By Amanda Becker
Monday, July 26, 2010; 8
There will be no rest for the weary as the very lawyers and lobbyists who spent the past two years preparing for the passage last week of the game-changing financial regulatory overhaul now turn to both deciphering the immediate impact of the behemoth law and influencing its implementation.
When President Obama signed the Dodd-Frank Wall Street Reform and Consumer Protection Act into law July 21, it was just the beginning for the armies of lawyers and lobbyists tasked with representing a variety of financial services companies that will be affected by the seismic legislation.
In the near term, long nights will continue as lawyers attempt to answer a barrage of questions by issuing client advisories, hosting Webinars and taking phone calls. But more significant, industry leaders say, will be the shift of power that occurs as regulators flesh out the guts of the legislation during a multi-year rulemaking process.
"The center of the financial world has moved from Wall Street to 15th & Pennsylvania -- the Treasury Department. That's not going to be lost on clients," said Richard M. Alexander, managing partner at Arnold & Porter.
Alexander estimates that Arnold & Porter had between 30 and 40 lawyers who spent a significant portion of their time tracking and studying the legislation. More than 15 lawyers at WilmerHale were drawn from nearly every practice group to form an internal task force in anticipation of the overhaul, reports counsel Gail C. Bernstein and partner Thomas W. White. Dozens of attorneys at Skadden, Arps, Slate, Meagher & Flom published a 200-page tome on the impact of the Dodd-Frank Act before it was even signed into law, and the firm could eventually have as many as 100 lawyers involved in some aspect of the process.
"It will be difficult for firms without a history in these areas to build multidisciplinary teams," said Skadden partner William J. Sweet Jr., himself a former staff attorney at the Federal Reserve Board. "This legislation could really differentiate law firms."
Though the overhaul weighed in at more than 2,300 pages, experts estimate that only about a fourth of its provisions are set in stone. Even key details about some of its most significant provisions, including the newly created Consumer Financial Protection Bureau and the controversial Volcker Rule, were left largely up to regulatory agencies.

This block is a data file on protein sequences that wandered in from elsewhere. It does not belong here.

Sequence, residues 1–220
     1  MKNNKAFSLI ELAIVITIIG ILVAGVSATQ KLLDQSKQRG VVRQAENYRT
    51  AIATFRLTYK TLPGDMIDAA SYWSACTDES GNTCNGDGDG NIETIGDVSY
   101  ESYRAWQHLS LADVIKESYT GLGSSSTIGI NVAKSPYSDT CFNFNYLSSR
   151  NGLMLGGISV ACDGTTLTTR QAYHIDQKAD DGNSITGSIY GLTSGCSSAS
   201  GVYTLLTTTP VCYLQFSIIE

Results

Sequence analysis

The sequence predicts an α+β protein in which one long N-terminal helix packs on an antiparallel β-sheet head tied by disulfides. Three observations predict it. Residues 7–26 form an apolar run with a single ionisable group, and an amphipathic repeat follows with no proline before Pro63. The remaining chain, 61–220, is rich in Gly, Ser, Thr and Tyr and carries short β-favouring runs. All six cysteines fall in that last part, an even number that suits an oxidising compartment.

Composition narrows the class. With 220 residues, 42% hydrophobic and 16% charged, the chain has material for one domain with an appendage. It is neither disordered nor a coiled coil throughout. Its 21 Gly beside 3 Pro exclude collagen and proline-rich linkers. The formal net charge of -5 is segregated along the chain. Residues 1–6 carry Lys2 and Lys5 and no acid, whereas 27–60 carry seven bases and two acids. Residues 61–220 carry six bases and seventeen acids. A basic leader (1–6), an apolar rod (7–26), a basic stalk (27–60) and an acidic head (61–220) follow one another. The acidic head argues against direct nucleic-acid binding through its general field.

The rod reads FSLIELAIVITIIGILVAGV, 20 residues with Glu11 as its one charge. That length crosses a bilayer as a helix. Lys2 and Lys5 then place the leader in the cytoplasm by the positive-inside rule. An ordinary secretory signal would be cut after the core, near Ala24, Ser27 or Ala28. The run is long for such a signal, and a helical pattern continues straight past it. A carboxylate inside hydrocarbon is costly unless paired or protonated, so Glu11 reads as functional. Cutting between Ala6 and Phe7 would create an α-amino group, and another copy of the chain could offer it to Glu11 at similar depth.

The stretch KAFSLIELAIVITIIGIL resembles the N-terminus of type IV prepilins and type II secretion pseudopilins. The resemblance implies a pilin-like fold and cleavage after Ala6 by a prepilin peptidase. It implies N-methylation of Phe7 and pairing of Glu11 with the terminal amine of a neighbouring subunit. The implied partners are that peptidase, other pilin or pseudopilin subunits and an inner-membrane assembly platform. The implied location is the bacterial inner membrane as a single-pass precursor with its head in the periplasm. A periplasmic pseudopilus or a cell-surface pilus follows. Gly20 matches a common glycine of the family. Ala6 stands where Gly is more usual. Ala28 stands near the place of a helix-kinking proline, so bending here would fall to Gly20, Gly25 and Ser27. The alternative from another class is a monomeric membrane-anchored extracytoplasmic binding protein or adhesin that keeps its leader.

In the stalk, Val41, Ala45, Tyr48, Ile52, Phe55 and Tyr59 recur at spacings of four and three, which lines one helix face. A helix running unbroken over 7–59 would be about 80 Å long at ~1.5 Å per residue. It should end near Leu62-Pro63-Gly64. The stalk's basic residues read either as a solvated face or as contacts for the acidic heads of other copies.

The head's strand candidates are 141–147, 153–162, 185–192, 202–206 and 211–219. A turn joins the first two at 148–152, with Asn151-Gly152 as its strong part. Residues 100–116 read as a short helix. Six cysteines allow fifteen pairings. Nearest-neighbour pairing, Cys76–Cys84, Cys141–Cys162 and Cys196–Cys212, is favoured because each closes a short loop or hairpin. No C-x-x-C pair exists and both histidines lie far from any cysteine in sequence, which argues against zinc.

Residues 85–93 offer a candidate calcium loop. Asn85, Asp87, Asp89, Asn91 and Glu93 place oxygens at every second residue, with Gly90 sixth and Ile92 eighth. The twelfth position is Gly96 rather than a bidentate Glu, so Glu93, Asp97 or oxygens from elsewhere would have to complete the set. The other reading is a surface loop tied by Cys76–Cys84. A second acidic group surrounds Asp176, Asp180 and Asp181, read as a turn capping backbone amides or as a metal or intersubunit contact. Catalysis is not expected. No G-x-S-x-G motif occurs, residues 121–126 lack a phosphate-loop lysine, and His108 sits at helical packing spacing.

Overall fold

What will happen next largely depends on decisions made by regulators at places like the Fed, the Federal Deposit Insurance Corp., Treasury and the Securities and Exchange Commission, which Chairman Mary L. Shapiro said would need 800 more employees in order to carry out its expanded duties. Special interests at the ready to assist agencies in the decision-making process every step of the way.
"The lobbyists will find there is less public scrutiny, but they'll be dealing with people who have a better understanding of the issues," said Brookings Institution fellow Douglas Elliott. "The most effective way to lobby a regulator is different than the most effective way to lobby a member of Congress."
Congressional records show that industry groups have already begun building relationships with key regulators to provide the sort of analyses and data they might need. The Treasury Department was a focus of the Financial Services Roundtable, a group representing the interests of 100 of the largest financial services companies, in the second quarter when it spent more than $1.6 million on lobbying.
"We are fully aware that business has been out there for some time starting to act on what they want the rules to look like," said Nancy Zirkin, executive vice president of the Leadership Conference on Civil and Human Rights and the group's registered lobbyist. "We're going to stay in this fight because there is so much at stake."
Even once the details of the rules are hammered out -- which experts say is a process that could take two years or more -- the fight is likely to continue in the form of lawsuits challenging implementation of the law.
"I suspect there will be a lot of issues about authority, jurisdiction and scope that will find their way into the courts," Alexander said.